Register now for the ICAN congress – the premier infection control meeting in Africa

The sixth international Infection Control Africa Network (ICAN) conference takes place from 25 to 28 September at the Indaba Hotel and Conference Centre, Johannesburg. Register now for this one-of-a-kind event. The early bird deadline is 4 July. The closing date for abstract submissions is 31 May.
ICAN is the largest infection control organisation in Africa with membership in 24 countries. It has gone from strength to strength in education, training and extensive networking across Africa and is supported by the Centers for Disease Control (CDC) and the World Health Organization (WHO).

Register now for the ICAN congress – the premier infection control meeting in Africa

Register now for the ICAN congress – the premier infection control meeting in Africa

Register now for the ICAN congress – the premier infection control meeting in Africa


“This year’s congress builds on the successes of previous ICAN conferences in Uganda, Namibia, Zimbabwe, Kenya and South Africa with a distinguished line-up of African and international faculty. The scientific programme blends keynote addresses and state-of-the-art lectures from international experts, with plenary sessions that not only address global matters, such as antimicrobial resistance and stewardship, but also African issues like Ebola and water-borne diseases. Those countries that are in the process of establishing national infection prevention and control (IPC) programmes will have the opportunity to share their experiences with colleagues across the continent. There are several free paper and poster sessions for young scientists to hone their skills in presenting their research from Africa and beyond,” says Professor Shaheen Mehtar, ICAN chair.
ICAN supports young African scientists at these international conferences and offers several bursaries and scholarships for high-quality abstracts to be presented as posters and oral presentations – there is a prize for the Best Poster and Best Oral Presentation. This year ICAN has established a mentorship programme for improving the quality of submitted abstracts to prepare them for publication in Antimicrobial Resistance and Infection Control (ARIC), an ICAN-affiliated journal under the able editorship of Professor Andreas Voss.
Professor Val Robertson, chair of the ICAN conference scientific committee, elaborates on what promise to be some of the conference highlights, notably the keynote presentations. “Professor Dilip Nathwani, OBE, from the United Kingdom will present the opening keynote address on antimicrobial stewardship. Following this, there will be an antimicrobial track addressing the challenges and solutions for establishing stewardship in Africa run in collaboration with the British Society of Antimicrobial Chemotherapy (BSAC), Federation of Infectious Diseases of Southern Africa (FIDSSA) and ICAN. The track will consist of a plenary session followed by a workshop to discuss the setting up of such programmes in other African countries. The WHO’s presence in this vital track is anticipated.”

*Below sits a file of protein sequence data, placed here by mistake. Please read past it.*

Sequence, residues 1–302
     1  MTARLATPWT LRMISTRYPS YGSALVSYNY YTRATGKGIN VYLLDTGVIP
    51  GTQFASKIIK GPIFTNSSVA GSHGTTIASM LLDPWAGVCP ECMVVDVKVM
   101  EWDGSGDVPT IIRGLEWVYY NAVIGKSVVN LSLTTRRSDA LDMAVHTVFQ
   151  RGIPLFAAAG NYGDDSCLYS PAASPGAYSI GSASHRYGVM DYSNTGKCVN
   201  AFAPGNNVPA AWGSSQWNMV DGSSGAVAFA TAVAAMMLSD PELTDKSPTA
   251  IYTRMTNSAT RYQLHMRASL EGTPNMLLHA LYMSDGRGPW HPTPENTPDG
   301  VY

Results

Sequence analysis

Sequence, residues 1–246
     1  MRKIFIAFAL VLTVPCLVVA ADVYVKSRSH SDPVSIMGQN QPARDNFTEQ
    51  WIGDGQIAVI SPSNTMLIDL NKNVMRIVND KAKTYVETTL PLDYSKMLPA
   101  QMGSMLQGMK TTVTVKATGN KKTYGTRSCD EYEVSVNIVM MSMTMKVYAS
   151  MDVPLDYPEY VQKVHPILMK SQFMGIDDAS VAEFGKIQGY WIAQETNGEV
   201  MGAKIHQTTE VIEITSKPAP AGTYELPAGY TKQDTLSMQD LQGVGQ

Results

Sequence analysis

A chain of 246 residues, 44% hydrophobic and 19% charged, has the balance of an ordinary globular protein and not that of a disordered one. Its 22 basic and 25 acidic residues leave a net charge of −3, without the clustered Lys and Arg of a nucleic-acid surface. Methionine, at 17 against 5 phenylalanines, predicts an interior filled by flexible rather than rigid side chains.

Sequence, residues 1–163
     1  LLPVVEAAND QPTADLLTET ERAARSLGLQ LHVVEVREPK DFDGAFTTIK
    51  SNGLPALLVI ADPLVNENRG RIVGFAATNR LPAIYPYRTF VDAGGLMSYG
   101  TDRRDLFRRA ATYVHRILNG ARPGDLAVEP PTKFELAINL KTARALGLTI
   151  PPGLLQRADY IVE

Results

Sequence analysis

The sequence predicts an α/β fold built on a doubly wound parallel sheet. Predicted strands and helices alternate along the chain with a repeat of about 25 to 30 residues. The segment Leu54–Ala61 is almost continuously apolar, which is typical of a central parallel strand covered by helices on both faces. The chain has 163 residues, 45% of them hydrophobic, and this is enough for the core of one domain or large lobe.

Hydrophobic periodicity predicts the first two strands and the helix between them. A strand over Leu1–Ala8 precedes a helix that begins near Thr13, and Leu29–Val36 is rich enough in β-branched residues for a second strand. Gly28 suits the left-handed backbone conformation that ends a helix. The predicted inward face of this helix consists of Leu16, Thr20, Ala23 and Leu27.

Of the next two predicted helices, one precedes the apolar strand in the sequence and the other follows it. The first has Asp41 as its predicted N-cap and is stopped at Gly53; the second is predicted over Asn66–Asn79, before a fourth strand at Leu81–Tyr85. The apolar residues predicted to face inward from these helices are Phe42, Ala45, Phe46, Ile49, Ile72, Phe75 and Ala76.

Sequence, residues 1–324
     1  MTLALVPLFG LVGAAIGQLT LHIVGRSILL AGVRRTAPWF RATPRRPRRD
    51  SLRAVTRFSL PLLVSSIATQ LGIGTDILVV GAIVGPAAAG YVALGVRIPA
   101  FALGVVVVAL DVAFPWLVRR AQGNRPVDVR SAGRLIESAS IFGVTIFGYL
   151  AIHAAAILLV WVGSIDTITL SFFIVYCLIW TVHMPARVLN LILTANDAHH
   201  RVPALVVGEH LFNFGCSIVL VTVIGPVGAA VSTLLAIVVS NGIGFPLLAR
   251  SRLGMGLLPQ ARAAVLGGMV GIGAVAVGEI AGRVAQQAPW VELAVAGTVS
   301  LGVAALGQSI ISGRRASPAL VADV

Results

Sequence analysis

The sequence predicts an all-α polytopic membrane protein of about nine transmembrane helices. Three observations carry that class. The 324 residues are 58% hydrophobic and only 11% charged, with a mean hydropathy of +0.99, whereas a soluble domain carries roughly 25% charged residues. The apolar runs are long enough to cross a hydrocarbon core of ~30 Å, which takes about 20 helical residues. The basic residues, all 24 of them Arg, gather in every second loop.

Professor Didier Pittet is a world-renowned leader who has spearheaded the most successful global hand hygiene campaign. He will deliver a keynote presentation on the subject with his usual flair and enthusiasm. Professor Benedetta Allegranzi, the head of the newly established Global IPC Unit at WHO headquarters, will address the topic of IPC structures and Africa.
The Yves Chartier Memorial Lecture will be delivered by Margaret Montgomery, the lead in Water, Sanitation and Health (WASH) at the WHO. “This newly recognised gap in IPC infrastructure will give an insight into links between WASH and IPC and how these can be strengthened.”
Other state-of-the-art lectures will include one on antimicrobial stewardship by Professor Ramanan Laxminarayan from the Center for Disease Dynamics, Economics and Policy (CDDEP). He is a recognised authority on the topic. Water-related infectious diseases will be the subject of a talk by a distinguished African speaker. The role of bats in emerging infectious diseases will be the focus of a thought- provoking talk by Professor Wolfgang Preiser, Head of Virology at Stellenbosch University.
In addition, the conference will address current topics such as IPC education, mother and child infections, disinfection and sterilisation (a major concern in Africa), environmental cleaning, Middle East respiratory syndrome coronavirus (MERSCoV) and tuberculosis. Drawing on the Ebola experience, the role of the community in containing outbreaks will be discussed.
To facilitate attendance by nurses, young scientists and students of IPC, the conference fee has been greatly reduced but early registration is required. Likewise, early submission of abstracts is encouraged in order to qualify for the bursaries and scholarships available to attend the conference.
Concluding, Professors Mehtar and Robertson invite delegates to actively participate, join the network of young scientists, communicate and interact with IPC global leaders, present their research and learn more about IPC in Africa.

 

visit the website for more details and for submitting the abstracts

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